It's very simple. The Mac really has few, if any, known viruses or major debilitating anything, no spyware and no Trojans and no worms, and sure I've been affected by a couple email bugs over the years, but those were mostly related to my mail server and ISP. For the most part and for all intents and purposes, Macs are immune. Period.
I know of what I speak. I am not a novice. I've been using Macs almost daily for 15 years. I am online upward of 10-12 hours a day. I run multiple Net-connected programs at all times. I receive upward of 500 emails a day, much of it nasty spam that often comes with weird indecipherable attachments that try, in vain, to infiltrate my machine. My Mac just shrugs them off and keeps working perfectly. I dump them all in the trash and never look back.
I'm a power user. And I have yet to suffer a single debilitating virus or worm or spyware or malware whatsoever. Not one problem in 15 years, save the time I spilled water in the keyboard of my PowerBook and I took off the back and let it dry out for two days and it worked perfectly.
Oh, I know all the arguments as to why Macs aren't the dominant system in the world. I know Apple screwed up 20 years ago by not licensing its OS, and Gates stumbled in and made a killing by stealing the Mac's look and feel but mangling the actual usability and thus irritating about 150 million people for the next 20 years.
I know Macs are (well, were) more expensive, even though they're really not, when you finally jam that ugly cheapass Dell with enough video cards and sound cards and disk burners to make it comparable to a Mac that comes with all of it, standard.
I know Macs are not perfect, that there have been a handful of serious Apple security fixes over the years, and even a few rumored viruses and spyware apps (though rarely any reports of major server attacks or system shutdowns). I know Apple releases regular security updates of its own. The Mac is not flawless. But it's damn close.
And I know, finally, the argument that says that if the world was using Macs instead of PCs, the hackers would be attacking the Macs. It's a game of numbers, after all. Anti-Mac pundits always mutter the same thing as they install yet another PC bug fix: there just aren't enough Macs out there to warrant a hacker's attention.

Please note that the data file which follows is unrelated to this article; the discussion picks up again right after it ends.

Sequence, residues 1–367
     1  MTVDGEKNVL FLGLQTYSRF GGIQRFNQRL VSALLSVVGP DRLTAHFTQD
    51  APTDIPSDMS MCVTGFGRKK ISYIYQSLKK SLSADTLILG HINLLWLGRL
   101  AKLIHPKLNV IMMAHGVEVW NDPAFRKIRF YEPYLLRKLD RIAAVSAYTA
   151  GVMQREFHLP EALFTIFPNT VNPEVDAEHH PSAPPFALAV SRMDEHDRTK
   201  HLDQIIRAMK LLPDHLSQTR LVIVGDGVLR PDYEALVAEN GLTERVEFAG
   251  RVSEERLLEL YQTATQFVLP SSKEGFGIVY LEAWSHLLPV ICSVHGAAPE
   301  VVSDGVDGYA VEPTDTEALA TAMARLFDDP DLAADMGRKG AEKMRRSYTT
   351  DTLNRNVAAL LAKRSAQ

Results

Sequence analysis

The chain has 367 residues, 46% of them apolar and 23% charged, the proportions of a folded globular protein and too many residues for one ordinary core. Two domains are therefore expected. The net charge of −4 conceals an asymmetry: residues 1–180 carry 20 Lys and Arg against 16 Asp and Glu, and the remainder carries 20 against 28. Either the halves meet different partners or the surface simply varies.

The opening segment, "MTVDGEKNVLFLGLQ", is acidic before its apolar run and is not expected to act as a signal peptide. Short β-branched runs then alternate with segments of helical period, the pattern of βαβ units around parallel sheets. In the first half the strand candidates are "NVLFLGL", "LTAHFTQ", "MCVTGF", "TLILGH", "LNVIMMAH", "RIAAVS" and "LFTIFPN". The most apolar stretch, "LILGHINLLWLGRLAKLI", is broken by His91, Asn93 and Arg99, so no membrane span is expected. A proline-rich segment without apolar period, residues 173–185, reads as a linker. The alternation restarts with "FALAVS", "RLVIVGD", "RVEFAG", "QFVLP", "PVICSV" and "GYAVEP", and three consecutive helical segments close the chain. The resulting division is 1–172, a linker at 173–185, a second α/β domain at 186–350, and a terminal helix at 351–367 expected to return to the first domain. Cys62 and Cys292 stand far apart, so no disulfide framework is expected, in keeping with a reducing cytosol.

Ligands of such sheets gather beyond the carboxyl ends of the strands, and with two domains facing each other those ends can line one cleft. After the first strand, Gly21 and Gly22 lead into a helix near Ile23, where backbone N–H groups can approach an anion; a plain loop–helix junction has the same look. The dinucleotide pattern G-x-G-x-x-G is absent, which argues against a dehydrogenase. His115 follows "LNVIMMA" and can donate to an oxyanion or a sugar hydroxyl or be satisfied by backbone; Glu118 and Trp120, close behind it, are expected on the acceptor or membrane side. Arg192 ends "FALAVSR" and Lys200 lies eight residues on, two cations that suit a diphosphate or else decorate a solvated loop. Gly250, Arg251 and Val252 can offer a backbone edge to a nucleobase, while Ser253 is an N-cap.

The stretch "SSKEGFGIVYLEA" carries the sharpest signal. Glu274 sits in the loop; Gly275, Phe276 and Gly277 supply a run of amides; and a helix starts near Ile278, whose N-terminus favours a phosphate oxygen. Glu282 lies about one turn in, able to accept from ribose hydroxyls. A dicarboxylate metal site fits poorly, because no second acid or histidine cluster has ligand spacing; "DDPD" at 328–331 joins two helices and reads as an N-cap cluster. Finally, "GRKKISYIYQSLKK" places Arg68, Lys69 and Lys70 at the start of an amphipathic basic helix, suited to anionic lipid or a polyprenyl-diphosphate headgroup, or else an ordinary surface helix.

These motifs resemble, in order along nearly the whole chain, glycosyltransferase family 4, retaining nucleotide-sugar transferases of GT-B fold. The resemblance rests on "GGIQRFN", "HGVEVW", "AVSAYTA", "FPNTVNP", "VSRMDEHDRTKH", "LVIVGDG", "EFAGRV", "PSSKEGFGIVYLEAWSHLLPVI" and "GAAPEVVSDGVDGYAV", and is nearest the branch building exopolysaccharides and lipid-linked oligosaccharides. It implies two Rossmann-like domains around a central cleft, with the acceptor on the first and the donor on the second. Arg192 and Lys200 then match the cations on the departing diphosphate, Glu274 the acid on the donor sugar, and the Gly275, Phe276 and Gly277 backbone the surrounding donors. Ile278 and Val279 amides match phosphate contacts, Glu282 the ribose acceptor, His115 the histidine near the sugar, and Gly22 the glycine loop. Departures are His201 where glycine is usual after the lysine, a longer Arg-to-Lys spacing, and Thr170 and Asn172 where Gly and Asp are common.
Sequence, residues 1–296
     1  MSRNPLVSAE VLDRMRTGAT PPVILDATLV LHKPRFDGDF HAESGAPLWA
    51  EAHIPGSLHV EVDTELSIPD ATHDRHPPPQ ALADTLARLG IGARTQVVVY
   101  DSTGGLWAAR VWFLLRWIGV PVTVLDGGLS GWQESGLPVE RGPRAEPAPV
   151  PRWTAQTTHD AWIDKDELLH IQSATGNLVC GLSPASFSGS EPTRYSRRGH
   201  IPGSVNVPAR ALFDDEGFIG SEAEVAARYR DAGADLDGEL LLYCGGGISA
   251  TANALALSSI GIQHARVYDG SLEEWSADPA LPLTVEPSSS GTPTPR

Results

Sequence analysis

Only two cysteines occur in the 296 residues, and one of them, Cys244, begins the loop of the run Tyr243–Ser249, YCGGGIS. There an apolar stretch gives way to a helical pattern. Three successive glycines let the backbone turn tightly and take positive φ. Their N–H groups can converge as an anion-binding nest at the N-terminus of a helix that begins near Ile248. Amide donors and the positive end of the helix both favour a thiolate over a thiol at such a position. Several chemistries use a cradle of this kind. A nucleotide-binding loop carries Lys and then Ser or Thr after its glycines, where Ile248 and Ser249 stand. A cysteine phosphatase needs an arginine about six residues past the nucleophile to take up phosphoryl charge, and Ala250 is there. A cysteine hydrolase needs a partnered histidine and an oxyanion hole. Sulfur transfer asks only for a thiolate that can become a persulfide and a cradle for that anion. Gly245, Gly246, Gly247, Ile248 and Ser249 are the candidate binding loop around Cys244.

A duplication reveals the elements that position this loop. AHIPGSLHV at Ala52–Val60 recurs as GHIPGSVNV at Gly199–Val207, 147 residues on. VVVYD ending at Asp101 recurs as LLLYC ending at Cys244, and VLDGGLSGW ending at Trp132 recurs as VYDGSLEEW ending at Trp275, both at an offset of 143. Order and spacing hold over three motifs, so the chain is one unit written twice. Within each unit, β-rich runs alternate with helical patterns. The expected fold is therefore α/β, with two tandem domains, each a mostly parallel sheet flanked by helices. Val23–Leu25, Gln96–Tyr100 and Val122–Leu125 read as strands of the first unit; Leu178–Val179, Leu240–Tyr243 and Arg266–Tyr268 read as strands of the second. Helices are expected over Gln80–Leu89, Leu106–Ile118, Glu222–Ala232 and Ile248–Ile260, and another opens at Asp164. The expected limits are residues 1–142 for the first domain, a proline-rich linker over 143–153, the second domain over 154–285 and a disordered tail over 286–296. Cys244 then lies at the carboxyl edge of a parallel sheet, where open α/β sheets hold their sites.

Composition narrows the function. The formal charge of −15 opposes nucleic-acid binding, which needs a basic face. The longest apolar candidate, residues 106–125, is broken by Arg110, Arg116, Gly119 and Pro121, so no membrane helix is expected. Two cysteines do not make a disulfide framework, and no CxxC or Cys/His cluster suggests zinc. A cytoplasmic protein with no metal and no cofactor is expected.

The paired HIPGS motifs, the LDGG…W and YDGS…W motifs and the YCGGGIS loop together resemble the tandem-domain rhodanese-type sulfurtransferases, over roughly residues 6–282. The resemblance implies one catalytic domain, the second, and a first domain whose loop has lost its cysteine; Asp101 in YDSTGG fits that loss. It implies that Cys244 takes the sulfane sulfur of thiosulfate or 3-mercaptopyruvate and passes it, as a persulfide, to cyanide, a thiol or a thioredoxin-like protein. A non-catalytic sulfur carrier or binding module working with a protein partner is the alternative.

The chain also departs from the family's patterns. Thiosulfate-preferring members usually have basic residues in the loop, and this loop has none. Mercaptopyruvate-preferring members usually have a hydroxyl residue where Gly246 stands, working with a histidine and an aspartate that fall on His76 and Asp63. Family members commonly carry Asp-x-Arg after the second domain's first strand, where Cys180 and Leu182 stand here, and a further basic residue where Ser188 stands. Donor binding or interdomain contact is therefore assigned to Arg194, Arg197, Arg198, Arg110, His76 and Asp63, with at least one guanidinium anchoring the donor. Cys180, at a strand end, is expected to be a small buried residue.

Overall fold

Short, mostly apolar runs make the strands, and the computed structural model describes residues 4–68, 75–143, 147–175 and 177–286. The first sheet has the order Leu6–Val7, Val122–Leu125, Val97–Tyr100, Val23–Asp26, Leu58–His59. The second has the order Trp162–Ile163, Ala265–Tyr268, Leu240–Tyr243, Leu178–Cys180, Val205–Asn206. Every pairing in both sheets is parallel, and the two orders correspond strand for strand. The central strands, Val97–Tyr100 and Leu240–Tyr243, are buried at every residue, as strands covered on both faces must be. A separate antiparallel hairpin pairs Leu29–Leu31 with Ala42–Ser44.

Which is, of course, mostly bull. I'm no programmer, but I know what I read, and I know my experience: the Mac OS architecture is much more robust, much more solid, much more difficult to hack into. Apple's software is, by default, more sound and reliable, given its more stable core. (Sometime in the later '90s, a Mac org whose name I forget ran a rather amazing hacker competition: they offered a $13,000 cash prize to anyone in the world who could hack into the company's unprotected Mac server and alter the contest's home page in any way. Needless to say, no one ever could).
Perhaps there is something I'm missing. Maybe there's something I don't understand as to why there is not a massive rush of consumers and IT managers to dump PCs in favor of Macs (or even Linux OS). Surely thousands (millions?) of work-hours have been lost nationwide as tech departments spend untold months debugging and installing PC virus protections and keeping abreast of the latest and greatest worm to come down the pike, all due to Microsoft's lousy software.
Am I being unfair? Maybe. Hell, I'm sure Windows has its gnarled and wary defenders, war-torn and battle-tested folk who still insist that, because there's more software available for the Windows OS, it's somehow superior -- though I challenge them to name one significant, common activity the Mac can't do as well as, if not better than, PCs. For 97 percent of users in the world, Macs would be a more elegant and intuitive and appealing solution. Period.
So then. Here's hoping the new, incredibly affordable Mac Mini converts a hundred million people to Mac in the next year. Here's hoping the borderline illegal and monopolistic domination of Microsoft comes to an end in the next decade. Apple appears poised, finally, again, ready to take over the consumer world. Hell, thousands of glorious iPods have already infiltrated the Microsoft campusup in Redmond, causing MS management no end of humiliation and frustration. Can revolution be far behind?
And what about my SO's PC woes? Well, after her Vaio was so violently debilitated, and after being told by various experts that it would require nothing short of a complete (and very expensive) Windows system debugging and OS reinstall followed by a mandatory soak of the machine in a tub of bleach and then spraying it with a thick coat of road tar as she waved a burning effigy of Steve Ballmer over it while chanting the text of the Official Microsoft 'Screw You Sucker' Windows Troubleshooting Guide, she promptly dumped the useless hunk of sad landfill and bought herself a beautiful new iBook.
And of course, in a year of solid use, she has yet to have a single problem.
Oh wait. I take that back. She has had one nagging issue with her Mac. One program keeps crashing in the middle of her work, for no apparent reason. It is baffling and frustrating and makes you shake your head and want to scream.
The program in question? Microsoft Word.